Next, James Rasmussen from the Duwamish River Cleanup Coalition said he wants to be sure the cleanups already done and in progress in the river region and port are taken into account. He also advocated forcefully for Georgetown and South Park, raising issues including the train noise, for which mitigation was only mentioned in West Seattle, while the trains, he pointed out, run down East Marginal Way, especially in very early-morning hours. And: “The most important thing not considered in EIS is impact on the community with diesel particulates – you’re running more trucks through these neighborhoods. … You’re increasing truck traffic *by a huge amount* through these neighborhoods, and that will be affecting these neighborhoods immensely … Asthma rates are through the roof in these communities. I want the Port to be successful, but not at the cost of the communities of Georgetown and South Park.”

Then Wojciechowski, who said he didn’t intend to speak until Thursday “but got drawn into making a comment.” Re: the low-frequency analysis, he says it was brought up but … they’ll be impacted. They’ll be coming after you if no shore power. Volume 1 of the DEIS had “weak language, no commitment to shore power, just saying ‘if they choose to’ … You tell them they have to.” He also had advice for fellow commenters – don’t just speak, also WRITE your comment.

Deputy CEO Beckett offered a couple points in defense, saying that this process doesn’t allow for “final full commitments” to things like shore power. And he said the port already is part of an area in which “low sulfur diesel fuel” is required, and contended that the port was on the “cutting edge” for that.

WHAT’S NEXT: Will the port consider extending the comment period, given that there was just four weeks for review of a 1,000-plus-page document? It’s “considering” that, is the only commitment that was made. First, they’re urging people to comment ASAP, via e-mail at SEPA.p@portseattle.org, and at Thursday’s hearing (5-8 pm at the Alki Masonic Center in The Junction, 40th/Edmunds) for starters. All comments will be responded to and will be part of the final EIS, “tentatively set for late summer,” which would be followed by “permits and authorizations” for the quarter-billion-dollar project.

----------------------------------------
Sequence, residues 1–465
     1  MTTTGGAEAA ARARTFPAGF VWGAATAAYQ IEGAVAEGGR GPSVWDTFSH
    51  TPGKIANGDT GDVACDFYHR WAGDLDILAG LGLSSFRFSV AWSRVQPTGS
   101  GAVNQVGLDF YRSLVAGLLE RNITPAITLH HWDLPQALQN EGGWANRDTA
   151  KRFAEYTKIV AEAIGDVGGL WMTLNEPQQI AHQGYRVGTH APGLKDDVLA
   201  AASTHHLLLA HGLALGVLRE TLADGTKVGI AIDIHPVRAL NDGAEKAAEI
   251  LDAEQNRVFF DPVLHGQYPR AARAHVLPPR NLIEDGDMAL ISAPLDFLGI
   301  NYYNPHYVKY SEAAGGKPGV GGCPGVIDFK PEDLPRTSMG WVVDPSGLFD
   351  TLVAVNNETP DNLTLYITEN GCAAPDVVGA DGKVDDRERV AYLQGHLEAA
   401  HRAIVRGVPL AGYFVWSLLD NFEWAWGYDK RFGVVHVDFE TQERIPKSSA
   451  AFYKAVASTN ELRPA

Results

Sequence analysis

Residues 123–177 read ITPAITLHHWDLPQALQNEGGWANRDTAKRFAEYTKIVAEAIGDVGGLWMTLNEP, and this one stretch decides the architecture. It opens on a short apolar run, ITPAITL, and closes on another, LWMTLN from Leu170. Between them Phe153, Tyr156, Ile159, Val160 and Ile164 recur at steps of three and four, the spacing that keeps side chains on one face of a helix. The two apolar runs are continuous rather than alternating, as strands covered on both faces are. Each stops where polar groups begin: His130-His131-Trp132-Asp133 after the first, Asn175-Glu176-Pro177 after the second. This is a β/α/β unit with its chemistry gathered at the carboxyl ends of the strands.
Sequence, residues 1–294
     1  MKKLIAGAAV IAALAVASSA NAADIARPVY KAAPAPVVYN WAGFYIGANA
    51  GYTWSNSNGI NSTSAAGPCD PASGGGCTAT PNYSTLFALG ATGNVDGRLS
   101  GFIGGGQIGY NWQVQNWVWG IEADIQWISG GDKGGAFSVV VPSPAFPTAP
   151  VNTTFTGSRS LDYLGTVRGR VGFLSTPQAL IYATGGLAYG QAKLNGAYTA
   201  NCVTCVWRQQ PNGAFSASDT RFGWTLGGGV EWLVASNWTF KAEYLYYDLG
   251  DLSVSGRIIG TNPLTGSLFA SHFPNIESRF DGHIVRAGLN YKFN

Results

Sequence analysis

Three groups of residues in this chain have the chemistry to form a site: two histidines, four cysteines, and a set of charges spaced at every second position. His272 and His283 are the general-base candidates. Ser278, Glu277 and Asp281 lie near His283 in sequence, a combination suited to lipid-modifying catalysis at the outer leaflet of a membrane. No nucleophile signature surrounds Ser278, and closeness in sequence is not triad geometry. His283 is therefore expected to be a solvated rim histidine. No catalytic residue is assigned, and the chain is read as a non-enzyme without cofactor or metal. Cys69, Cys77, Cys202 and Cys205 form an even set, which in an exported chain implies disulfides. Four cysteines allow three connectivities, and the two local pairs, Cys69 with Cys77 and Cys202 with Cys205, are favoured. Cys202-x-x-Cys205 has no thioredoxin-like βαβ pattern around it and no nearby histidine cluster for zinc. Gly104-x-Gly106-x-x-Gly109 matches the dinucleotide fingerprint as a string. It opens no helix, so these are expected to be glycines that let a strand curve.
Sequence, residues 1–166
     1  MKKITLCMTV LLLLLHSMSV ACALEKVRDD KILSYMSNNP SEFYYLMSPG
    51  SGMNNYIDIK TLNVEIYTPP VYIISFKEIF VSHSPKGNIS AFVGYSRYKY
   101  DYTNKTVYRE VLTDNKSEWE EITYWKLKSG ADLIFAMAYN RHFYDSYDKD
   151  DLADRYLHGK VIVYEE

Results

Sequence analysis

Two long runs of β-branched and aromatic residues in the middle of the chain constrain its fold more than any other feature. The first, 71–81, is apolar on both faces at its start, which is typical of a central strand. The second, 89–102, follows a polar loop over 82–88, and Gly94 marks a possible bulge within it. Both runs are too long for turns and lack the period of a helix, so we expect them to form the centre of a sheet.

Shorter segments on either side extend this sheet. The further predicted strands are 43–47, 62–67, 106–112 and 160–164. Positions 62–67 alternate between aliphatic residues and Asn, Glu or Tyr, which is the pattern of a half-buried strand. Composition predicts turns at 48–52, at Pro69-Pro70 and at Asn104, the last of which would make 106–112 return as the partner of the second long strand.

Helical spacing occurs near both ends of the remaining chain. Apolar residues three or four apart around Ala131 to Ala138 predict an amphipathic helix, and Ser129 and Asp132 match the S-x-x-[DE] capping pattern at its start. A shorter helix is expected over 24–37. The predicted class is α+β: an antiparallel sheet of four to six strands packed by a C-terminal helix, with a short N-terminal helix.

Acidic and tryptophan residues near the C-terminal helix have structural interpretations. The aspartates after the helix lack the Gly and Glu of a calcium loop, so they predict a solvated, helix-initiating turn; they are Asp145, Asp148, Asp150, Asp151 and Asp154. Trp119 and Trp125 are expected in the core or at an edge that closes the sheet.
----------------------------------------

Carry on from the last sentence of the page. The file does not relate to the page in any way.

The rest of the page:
20 Replies to "TERMINAL 5 PROJECT: How public hearing #1 unfolded tonight"

  • Chemist June 7, 2016 (10:17 pm)

    “almost no trucks take the upper-level bridge.”

    I once thought that too… then there were all those backups during the ILWU slowdown.


  • noisy neighborhood June 7, 2016 (11:03 pm)

    I am concerned about more noise and bigger boats and air pollution. Concerned for our orca pod neighbors and for anyone that lives up by Providence Mount St Vincent. On a foggy day the air pollution gets trapped on that hillside and it smells quite toxic already. The Orcas, and other sea life that use  Elliott Bay are affected by the big boat traffic, possible dredging to deepen boat channels, and noise pollution under water. I don’t like this plan and hope that others that do not like it will voice their opinions at another public hearing.

  • pat davis June 7, 2016 (11:10 pm)

    It is impossible that going from 6 cranes to 12 cranes, and 1,800 truck trips per DAY  has no significant impact on air quality!  Want the facts about air quality at Terminal 5?  Then please sign our petition to get on site 24/7 air quality monitoring at Terminal 5 and in impacted neighborhoods (that are upwind of the pollution taking place)  Puget Sound Clean Air Agency already has the equipment, staff, and enforcement capacity to put air quality monitoring quickly into place. Please sign our petition seeking that at  www.terminal5group.com   Thank you! (tell your friends and neighbors as well, please)  Patricia Davis, North Admiral

  • Jeannie June 7, 2016 (11:17 pm)

    Signed! Thank you for the petition.

  • d mead June 8, 2016 (5:01 am)

    Is this even needed? Once the new Panama Canal opens, ship traffic to the West coast is likely to decrease as the larger ships with East coast freight will bypass the West coast shipyards…

  • Clean Air June 8, 2016 (5:58 am)

    @Pat Davis

    Shouldn’t we be happy that the 12 cranes would be rail-mounted and electric (i.e., not fueled by diesel) for the most aggressive alternative? It seems that 12 zero emission cranes are cleaner than 6 old diesel cranes.

    • pat davis June 8, 2016 (9:21 am)